As Egyptians lined up to cast their vote on the constitution Saturday, columnists were divided. Although some argued that voting for the constitution would lead to more stability and would grant citizens more state support, the majority considered the constitution and the referendum unsatisfactory.
Do you want to go to heaven?
Al-Masry Al-Youm newspaper
Amin strongly opposes the constitutional referendum and asks voters to vote “No”. He notes how the referendum has turned into a religious battle, with Islamists using religious rhetoric to convince voters that the constitution is the only way to achieve stability.
Remembering last year’s constitutional referendum, Amin says that if Egyptians had unanimously voted against the constitution, the country would have been spared the current chaos and would enjoy a proper constitution today.
The columnist denounces the Constituent Assembly and praises the decision of many judges to boycott overseeing the vote.
What relation does Islamic Shari’a have to the constitution? Egyptians are certainly not against Shari’a, but dragging the constitution into religious debates results only in a meaningless mix of religion and politics, Amin believes. While we had a chance to live with the 1971 constitution, political manoeuvres pushed us to parliamentary elections first.
The writer addresses those who plan to boycott the referendum and says their passive attitude will drown Egypt. He encourages them to line up and vote against the constitution.
For these reasons I will vote “Yes”
Mansour states he will vote “Yes” in the referendum. He argues that most of those who plan to vote against the constitution have not even read the document. They are rather influenced by the evening talk shows or views of controversial political figures. Mansour praises the proposed constitution, claiming it grants farmers and the underprivileged better rights. It supports divorced and widowed women and provides the ordinary citizen “all secular rights”.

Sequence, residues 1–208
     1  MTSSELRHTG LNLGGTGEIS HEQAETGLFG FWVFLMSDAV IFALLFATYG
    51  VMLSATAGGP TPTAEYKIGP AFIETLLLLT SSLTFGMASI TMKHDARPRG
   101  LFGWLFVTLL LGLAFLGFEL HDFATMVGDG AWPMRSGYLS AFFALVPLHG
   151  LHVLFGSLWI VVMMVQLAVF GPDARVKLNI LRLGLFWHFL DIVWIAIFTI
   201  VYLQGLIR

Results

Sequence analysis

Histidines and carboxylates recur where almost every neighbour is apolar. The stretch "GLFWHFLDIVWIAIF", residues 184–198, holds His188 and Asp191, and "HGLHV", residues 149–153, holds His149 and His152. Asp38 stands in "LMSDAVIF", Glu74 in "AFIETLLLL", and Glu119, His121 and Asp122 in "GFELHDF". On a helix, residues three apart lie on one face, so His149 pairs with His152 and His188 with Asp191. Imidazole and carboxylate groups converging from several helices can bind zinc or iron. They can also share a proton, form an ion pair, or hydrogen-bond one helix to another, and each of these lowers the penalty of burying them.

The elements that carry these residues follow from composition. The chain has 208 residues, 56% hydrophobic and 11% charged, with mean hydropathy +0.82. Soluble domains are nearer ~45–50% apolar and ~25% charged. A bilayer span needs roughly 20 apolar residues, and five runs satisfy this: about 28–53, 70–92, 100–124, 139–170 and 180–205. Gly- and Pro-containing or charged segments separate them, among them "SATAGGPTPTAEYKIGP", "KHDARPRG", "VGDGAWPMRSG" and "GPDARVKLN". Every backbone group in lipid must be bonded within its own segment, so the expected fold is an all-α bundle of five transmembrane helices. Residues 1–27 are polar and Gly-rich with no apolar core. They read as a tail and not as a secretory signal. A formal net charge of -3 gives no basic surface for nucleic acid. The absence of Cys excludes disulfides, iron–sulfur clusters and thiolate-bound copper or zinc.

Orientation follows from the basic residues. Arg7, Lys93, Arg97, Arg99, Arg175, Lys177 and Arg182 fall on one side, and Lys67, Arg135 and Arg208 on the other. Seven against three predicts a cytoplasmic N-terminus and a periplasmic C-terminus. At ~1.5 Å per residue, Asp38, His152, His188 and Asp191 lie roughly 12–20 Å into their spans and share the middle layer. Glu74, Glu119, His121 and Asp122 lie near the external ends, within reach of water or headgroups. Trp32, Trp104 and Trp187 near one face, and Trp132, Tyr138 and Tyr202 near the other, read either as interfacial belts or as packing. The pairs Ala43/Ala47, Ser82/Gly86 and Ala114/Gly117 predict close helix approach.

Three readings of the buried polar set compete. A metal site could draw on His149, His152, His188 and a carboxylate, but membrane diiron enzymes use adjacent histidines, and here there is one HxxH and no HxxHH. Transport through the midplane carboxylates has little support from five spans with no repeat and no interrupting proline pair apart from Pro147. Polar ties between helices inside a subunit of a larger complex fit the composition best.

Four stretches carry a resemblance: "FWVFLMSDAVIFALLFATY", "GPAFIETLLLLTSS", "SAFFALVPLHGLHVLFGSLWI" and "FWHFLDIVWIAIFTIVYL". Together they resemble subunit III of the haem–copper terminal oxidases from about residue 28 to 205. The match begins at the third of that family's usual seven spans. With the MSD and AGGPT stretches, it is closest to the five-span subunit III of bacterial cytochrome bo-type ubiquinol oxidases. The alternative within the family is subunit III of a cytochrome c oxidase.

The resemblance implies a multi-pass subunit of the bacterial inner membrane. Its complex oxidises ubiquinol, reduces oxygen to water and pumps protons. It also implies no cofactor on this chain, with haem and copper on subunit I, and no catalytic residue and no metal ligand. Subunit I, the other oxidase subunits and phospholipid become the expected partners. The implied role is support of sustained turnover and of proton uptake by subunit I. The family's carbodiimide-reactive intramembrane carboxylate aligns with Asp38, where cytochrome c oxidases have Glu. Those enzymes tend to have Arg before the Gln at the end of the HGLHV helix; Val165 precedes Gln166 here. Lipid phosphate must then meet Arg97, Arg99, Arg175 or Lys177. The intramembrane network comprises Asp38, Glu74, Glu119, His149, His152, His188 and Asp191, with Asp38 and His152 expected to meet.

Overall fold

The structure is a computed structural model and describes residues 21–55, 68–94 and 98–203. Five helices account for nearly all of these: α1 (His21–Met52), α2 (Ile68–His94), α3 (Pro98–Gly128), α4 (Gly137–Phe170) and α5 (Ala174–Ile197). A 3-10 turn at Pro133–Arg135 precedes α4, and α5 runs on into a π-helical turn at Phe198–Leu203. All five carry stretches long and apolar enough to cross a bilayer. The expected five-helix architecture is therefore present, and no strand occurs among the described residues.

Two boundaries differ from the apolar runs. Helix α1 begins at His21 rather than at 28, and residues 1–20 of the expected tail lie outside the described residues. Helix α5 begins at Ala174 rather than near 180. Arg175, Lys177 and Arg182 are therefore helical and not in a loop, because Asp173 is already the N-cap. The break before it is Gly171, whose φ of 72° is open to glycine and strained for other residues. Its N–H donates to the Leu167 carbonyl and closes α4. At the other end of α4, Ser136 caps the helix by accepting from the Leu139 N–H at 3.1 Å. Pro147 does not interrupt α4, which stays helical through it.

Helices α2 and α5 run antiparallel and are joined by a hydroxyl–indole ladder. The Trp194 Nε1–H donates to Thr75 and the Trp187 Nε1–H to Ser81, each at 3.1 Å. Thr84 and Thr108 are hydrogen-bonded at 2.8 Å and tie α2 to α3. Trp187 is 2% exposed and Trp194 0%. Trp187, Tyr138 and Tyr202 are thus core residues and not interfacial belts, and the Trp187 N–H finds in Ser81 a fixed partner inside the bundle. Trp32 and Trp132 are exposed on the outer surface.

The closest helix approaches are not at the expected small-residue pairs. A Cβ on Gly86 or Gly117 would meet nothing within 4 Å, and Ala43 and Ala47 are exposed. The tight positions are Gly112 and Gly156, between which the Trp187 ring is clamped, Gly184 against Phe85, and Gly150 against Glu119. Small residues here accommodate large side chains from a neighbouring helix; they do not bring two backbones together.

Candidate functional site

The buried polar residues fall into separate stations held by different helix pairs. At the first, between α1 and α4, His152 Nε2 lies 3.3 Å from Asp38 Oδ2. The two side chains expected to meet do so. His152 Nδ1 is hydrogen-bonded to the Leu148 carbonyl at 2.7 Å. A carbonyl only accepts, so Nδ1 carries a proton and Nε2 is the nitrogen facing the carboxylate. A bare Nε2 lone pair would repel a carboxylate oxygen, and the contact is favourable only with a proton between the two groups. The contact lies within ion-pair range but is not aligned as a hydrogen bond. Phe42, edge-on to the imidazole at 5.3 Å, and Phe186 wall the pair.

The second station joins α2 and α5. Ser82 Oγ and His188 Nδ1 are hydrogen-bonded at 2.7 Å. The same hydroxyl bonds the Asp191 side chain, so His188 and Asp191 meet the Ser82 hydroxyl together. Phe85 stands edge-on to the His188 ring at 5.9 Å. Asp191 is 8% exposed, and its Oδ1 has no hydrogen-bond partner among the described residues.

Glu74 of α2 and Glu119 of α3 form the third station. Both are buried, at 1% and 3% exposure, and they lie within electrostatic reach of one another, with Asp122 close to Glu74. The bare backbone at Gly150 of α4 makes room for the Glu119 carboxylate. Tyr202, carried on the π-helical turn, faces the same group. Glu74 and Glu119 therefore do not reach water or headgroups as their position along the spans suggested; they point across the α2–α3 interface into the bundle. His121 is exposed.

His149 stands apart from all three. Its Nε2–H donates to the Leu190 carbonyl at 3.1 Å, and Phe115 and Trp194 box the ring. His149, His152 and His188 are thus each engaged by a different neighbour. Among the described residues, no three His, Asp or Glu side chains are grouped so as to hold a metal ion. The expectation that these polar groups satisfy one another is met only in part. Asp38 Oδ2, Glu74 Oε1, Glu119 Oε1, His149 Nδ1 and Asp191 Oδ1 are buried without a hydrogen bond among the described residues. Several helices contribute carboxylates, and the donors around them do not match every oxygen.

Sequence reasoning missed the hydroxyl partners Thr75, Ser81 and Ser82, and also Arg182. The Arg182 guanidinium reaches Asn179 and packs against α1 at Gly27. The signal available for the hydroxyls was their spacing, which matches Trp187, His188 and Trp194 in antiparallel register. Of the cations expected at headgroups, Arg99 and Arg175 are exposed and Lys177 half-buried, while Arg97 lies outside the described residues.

He asks whether those against the constitution have even read that a detainee could not be held more than 12 hours without charge? Do they know that they must be transferred to prosecution within 24 hours according to the new constitution?
The columnist commends the articles that limit the powers of the president and affords more authorities to the prime minister. According to the new constitution, the president cannot dismiss the PM without the approval of at least a third of parliament. Mansour states that the parliament will enjoy more powers to properly monitor the performance of the government, the president and almost all officials in the country. That’s sufficient for a good constitution to pass, in his view.
The constitution of masters and slaves will not pass without forgery
Nehad Abul Komsan
Abul Komsan is against the constitution. She dissects the document, which includes 236 articles, claiming it includes specific terms that are tailored against certain individuals. Article 176 has been phrased to suspend the female counsellor Tahany Al Gebaly as well as a number of other judges, although she says they have contributed positively to judiciary. Despite the diverse opinions around the constitution, Abul Komsan denounces suggestions to change the wording of article 2 from “principles” to “rules” of Shari’a.